Following the 1959 fighting, Chinese leaders indicated they understood Indian concerns. In a 1960 meeting with Swaran Singh, foreign minister Chen Yi accepted that the 1959 ambush had “perturbed Indians, and made them think about their own security.”
The two sides proposed arrangements for preventing clashes, involving demilitarising swathes of territory, but neither could accept the other’s terms.
In the build-up to the 1960 Nehru-Zhou summit, historian Srinath Raghavan has recorded, both sides considered dramatic concessions. Early in April, vice-president Sarvepalli Radhakrishnan told British High Commissioner Malcolm MacDonald that India’s border claims in the northeast were immutable. In return for their recognition, though, New Delhi was prepared to allow China to remain “in practical occupation of the territory which they now occupied.”
For his part, Zhou suggested a trade-off. In his talks with Nehru, the Chinese foreign minister noted the two countries stood on either side of the British imperial MacMahon line, India’s claimed border in the east. In Ladakh, China was poised on the line running from Karakoram to the Kongka La Pass, the site of the 1959 skirmish. The two sides, he implied, could swap.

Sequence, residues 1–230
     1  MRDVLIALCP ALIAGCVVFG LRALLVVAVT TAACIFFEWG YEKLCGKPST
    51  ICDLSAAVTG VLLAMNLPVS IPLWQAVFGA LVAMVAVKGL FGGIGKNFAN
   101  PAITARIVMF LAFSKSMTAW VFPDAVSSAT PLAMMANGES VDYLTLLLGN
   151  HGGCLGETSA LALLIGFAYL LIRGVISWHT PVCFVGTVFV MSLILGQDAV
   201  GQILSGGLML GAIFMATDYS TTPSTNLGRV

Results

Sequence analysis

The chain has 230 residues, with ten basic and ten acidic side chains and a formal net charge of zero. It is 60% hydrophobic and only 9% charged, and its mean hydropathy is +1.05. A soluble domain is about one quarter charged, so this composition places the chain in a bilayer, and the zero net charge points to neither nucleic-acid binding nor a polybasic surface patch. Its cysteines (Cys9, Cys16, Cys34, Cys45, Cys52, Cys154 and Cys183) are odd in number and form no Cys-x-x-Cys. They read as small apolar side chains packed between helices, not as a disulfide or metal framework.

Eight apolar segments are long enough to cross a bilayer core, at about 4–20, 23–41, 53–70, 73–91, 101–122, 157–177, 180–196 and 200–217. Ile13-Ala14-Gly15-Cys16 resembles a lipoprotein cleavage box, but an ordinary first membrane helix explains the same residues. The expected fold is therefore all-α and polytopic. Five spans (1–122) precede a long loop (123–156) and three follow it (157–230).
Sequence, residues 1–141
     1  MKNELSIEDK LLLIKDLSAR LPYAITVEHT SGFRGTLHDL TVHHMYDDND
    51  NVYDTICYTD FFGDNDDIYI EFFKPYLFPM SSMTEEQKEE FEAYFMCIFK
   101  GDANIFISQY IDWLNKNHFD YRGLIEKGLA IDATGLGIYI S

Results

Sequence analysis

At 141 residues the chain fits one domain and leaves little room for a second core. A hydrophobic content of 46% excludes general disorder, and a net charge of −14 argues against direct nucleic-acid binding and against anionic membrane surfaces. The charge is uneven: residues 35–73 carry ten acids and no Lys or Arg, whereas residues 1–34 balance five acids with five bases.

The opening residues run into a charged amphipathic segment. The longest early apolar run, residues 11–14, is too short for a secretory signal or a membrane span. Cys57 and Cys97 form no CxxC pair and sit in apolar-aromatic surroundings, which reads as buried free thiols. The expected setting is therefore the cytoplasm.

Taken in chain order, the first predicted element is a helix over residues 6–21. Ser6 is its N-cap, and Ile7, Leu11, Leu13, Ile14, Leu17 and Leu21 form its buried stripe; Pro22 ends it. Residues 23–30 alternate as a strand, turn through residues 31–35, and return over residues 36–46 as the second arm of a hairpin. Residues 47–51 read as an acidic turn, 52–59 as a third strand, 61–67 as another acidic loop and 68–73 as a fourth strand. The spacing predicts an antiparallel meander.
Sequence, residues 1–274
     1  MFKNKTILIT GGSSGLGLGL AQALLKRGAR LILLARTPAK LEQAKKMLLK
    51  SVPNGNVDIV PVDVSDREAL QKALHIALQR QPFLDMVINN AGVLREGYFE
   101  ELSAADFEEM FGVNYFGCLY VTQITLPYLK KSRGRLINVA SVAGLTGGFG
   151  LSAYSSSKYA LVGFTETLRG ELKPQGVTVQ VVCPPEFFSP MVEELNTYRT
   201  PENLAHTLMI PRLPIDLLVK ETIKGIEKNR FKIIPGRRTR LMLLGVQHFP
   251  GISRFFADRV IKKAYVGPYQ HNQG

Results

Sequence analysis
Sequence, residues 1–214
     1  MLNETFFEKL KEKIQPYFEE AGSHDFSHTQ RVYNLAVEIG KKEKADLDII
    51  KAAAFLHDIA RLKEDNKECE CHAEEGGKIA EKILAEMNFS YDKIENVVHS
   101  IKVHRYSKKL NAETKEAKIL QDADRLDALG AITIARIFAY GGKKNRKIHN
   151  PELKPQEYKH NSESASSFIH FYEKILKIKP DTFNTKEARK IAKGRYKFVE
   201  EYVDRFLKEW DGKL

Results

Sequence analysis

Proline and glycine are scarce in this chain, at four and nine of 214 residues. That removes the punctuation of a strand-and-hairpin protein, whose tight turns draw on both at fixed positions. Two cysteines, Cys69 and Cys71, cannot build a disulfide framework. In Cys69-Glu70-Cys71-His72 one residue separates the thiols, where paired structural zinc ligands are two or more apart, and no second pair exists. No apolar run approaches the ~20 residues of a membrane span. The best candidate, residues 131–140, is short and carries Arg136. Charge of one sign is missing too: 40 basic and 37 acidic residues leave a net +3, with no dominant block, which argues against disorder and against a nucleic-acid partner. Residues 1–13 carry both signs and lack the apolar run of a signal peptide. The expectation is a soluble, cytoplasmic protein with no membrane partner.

Facing a public enraged by the 1959 clash, and untrusting of China’s intentions, Nehru declined the deal. For his part, scholars like Bertil Litner have shown, Mao was determined to extinguish challenges to China’s regional hegemony.
The failed forward policy
Faced with an impasse, India began setting up small outposts to assert its presence in Ladakh. “The Chinese would like to come right up to their claim of 1960 wherever we ourselves were not in occupation,” the Intelligence Bureau blithely recorded in 1961. “But where even a dozen men of ours are present, the Chinese have kept away. The Army concurred: “The Chinese will not attack any of our positions even if they are relatively weaker than theirs,” the chief of general staff told the Defence Ministry on the eve of war.
In the summer of 1962, a People’s Liberation Army (PLA) patrol through the Galwan valley discovered the Indian Army had beaten them to it: Some 30 troops of the 1st Battalion of the 8 Gurkha Regiment were already there. Even as a diplomatic protest note made its way to New Delhi, 350 PLA troops surrounded the post on 10 June 1962.
Then, on the morning of 20 October, PLA troops attacked across the entire Ladakh sector. Faced with intense artillery and mortar bombardment that levelled their ramshackle shelters within minutes, the troops in Galwan fought to the last bullet, losing 36 of their number before they were overrun. In spite of heroic resistance from other posts, too, the Indian Army was steamrolled.